2 May 2017
Please see below the text of a speech given by Scottish Conservative leader Ruth Davidson today, ahead of Thursday’s local government elections.
Good morning everybody
And can I thank-you all for turning out today.
Friends, there are less than 48 hours till polls open on Thursday.
And we are here today to make it clear to everybody in Scotland this week – the Scottish Conservatives are back right across the country, and we stand ready to serve.
Ready to combat the SNP power grab which has sucked power out of local communities across Scotland these last ten years.
We say: the SNP Government in Edinburgh isn’t Scotland. It shouldn’t get to decide everything that happens in our Borderland communities, to our island villages, in our powerhouse cities.
We say at this election: let’s restore energy, vitality and power to those cities, towns and villages.
Because that’s where Scotland’s powerbase really lies – not in Holyrood or Nicola Sturgeon’s First Ministerial office.
It’s in our communities, in the lives and actions of people across our country.
Now – the reason I decided to make a speech on our local government plans this morning was simple.
As you may have noticed, there have been a few minor distractions over the last couple of weeks.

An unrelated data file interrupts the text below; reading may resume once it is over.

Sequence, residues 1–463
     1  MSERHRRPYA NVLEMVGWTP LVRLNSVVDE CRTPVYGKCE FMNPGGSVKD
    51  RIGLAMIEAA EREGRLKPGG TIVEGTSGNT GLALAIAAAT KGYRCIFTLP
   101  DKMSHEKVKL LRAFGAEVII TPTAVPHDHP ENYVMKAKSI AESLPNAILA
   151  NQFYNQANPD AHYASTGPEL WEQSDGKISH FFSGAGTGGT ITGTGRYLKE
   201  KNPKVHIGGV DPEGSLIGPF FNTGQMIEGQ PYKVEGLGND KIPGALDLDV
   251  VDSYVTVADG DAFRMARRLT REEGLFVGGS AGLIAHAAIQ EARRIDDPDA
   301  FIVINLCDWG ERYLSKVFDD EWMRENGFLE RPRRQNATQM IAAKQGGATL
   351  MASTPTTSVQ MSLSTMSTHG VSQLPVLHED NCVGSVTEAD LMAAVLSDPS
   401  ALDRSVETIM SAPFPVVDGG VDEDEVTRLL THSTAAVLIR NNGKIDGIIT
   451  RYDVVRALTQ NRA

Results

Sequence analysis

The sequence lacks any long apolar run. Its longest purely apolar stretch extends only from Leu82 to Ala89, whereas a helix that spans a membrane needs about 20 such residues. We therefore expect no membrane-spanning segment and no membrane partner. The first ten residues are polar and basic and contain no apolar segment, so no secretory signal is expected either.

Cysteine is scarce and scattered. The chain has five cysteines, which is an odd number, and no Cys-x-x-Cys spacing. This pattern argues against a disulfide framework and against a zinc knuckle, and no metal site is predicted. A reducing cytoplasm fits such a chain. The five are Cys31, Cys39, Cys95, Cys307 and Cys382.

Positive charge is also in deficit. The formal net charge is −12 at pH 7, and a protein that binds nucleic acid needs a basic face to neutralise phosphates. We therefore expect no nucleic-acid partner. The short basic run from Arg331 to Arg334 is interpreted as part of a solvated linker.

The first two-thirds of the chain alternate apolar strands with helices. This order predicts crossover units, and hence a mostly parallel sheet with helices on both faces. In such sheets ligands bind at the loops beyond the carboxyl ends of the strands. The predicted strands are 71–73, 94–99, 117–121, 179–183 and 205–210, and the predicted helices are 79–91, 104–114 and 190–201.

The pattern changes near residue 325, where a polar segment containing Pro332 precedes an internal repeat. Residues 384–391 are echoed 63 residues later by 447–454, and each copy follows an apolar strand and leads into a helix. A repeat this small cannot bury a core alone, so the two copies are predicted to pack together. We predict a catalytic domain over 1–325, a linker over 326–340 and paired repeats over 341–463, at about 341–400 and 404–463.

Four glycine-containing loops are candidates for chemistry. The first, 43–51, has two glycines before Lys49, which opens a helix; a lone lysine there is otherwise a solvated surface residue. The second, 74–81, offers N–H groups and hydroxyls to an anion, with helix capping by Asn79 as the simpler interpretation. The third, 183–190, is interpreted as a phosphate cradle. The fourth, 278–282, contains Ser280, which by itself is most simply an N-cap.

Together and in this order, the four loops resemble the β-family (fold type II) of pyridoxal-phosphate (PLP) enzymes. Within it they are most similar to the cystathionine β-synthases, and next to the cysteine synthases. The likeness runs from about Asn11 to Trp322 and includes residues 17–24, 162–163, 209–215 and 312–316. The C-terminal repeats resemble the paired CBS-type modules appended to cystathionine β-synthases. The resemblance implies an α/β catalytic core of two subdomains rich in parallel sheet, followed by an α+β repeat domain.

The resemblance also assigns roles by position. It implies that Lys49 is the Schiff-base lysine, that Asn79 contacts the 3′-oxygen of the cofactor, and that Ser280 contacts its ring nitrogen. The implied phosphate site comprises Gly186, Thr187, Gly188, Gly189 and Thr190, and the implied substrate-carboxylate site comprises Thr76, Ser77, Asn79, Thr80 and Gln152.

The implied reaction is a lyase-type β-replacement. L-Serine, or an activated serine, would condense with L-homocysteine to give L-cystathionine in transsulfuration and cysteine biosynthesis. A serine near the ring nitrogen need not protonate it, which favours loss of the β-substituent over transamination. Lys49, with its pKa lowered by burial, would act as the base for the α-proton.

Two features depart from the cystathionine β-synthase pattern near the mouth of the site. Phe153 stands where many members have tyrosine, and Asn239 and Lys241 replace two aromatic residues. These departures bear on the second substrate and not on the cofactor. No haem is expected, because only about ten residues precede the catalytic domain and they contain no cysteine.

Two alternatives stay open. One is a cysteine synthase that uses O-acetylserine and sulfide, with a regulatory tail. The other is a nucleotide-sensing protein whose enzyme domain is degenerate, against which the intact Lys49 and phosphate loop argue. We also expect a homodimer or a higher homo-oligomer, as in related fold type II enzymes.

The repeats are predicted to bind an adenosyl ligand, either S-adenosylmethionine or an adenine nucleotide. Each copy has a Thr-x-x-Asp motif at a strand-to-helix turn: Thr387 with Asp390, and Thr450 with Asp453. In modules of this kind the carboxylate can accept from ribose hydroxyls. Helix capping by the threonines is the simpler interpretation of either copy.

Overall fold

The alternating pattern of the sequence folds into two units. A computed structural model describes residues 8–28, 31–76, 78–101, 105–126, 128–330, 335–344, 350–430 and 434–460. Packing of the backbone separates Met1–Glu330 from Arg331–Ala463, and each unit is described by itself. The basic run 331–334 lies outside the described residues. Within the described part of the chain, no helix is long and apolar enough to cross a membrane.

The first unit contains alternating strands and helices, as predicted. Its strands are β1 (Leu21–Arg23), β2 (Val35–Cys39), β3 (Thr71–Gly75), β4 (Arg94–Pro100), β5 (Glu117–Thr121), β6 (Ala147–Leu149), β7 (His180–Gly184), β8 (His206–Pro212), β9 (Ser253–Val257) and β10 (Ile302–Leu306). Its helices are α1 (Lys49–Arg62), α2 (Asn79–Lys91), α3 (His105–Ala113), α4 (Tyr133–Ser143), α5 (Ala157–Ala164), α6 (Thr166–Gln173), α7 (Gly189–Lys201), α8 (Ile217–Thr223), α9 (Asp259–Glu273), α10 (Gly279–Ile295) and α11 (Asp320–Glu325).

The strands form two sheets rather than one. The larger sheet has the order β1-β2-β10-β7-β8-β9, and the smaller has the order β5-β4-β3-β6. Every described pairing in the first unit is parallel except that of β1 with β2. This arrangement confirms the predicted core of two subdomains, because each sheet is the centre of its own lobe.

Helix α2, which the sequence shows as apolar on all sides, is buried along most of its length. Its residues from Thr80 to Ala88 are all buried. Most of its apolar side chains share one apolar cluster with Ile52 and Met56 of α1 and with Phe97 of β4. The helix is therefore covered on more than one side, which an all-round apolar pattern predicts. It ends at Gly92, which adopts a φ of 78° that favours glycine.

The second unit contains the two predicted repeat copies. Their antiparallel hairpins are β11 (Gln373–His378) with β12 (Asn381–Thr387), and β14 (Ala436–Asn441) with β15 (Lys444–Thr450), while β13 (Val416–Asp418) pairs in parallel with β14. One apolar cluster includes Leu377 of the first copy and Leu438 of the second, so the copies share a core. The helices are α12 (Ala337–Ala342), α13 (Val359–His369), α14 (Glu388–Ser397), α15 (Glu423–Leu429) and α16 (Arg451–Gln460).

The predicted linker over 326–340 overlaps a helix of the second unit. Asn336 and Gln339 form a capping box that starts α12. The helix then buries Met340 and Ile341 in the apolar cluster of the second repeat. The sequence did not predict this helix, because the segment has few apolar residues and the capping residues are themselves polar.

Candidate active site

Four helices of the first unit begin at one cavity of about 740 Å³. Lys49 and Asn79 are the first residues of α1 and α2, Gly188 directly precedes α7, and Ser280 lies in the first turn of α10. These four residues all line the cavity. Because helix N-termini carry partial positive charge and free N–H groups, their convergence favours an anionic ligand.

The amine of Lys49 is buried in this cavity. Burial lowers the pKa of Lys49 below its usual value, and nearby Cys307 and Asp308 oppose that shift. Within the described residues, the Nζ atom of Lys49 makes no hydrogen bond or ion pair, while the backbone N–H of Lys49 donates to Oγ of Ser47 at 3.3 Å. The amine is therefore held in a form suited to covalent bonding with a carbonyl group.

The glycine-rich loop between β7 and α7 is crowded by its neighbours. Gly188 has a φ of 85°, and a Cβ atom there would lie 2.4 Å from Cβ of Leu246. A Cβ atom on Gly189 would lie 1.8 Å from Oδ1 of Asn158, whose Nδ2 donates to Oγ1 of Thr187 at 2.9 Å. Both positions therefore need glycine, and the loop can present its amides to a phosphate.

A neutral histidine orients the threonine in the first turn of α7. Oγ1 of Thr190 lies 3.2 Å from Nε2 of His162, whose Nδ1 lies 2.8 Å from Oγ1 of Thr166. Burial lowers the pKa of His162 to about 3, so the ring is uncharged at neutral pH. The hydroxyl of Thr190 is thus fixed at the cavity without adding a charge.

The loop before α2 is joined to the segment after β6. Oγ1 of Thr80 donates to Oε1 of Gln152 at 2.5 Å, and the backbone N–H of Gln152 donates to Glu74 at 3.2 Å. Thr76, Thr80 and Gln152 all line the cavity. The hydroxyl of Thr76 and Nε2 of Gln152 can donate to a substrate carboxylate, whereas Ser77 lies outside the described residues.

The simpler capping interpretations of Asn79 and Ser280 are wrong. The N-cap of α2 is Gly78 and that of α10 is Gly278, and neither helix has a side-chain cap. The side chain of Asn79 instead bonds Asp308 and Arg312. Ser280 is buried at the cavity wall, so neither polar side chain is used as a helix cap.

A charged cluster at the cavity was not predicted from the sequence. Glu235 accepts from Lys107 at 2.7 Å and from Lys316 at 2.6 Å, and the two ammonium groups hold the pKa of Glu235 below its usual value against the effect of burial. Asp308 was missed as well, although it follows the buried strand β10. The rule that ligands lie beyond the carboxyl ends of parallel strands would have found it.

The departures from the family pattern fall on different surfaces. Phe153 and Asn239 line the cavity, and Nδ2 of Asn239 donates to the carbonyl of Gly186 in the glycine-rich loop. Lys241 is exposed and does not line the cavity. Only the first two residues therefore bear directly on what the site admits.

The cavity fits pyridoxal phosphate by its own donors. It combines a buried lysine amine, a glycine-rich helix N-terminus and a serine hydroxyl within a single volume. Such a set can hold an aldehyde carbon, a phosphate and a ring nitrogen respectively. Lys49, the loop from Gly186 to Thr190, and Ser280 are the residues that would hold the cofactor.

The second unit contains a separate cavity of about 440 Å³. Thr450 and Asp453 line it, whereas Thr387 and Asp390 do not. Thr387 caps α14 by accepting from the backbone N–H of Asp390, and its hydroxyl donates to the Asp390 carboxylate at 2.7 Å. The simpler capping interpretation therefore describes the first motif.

Once again, local government has played bridesmaid to the national picture.
So I wanted today to shift the focus back – for the next 48 hours at least – onto these vitally important elections that we face on Thursday.
Because these elections will have huge impact on our daily lives.
For all the attention we focus on Westminster and Holyrood, on Thursday we decide on:
* how best we can improve the running of our schools.
* how to boost transport.
* how to bring jobs, support business and regenerate our local economies
* and how to restore vibrancy to our high streets
And we do something more as well. Because the other question on the ballot paper on Thursday is this:
Who will stand up against the SNP?
Who, in our local communities, will act as champions for local services not cheerleaders for separation?
It can ONLY be the Scottish Conservatives who provide that challenge.
ONLY committed Conservative councillors who will do what the SNP has singularly failed to do in 10 years in power in Scotland – and demand they do the same.
To get on with the day job.
To focus on what really matters to people in their local communities.
Now – our manifesto for the council elections was published a couple of weeks back to what I have to admit has been muted interest so far.
But for all that it didn’t exactly command the headlines amid all the general election excitement, it does spell out a thorough and clear vision.
And I note in passing that it is far more substantial than any of the proposals put forward by our opponents.
At its heart is a case for localism and for growth.
And arguing against the SNP Government’s stifling, centralising agenda which has concentrated too much power in Edinburgh.
Only at the weekend, we heard how this restrictive approach is damaging another of our great national institutions: the NHS.
Here’s what Professor Alan Rodger, the former medical director of the Beatson had to say about the SNP. “There is a culture of absolute control. No one is allowed to ask questions.” Another NHS official was quoted as saying: “We don’t have government; we have a dictatorship”.
Quite simply, the Nationalists distrust anything that isn’t under their complete control – because they fear it will undermine their grip on power.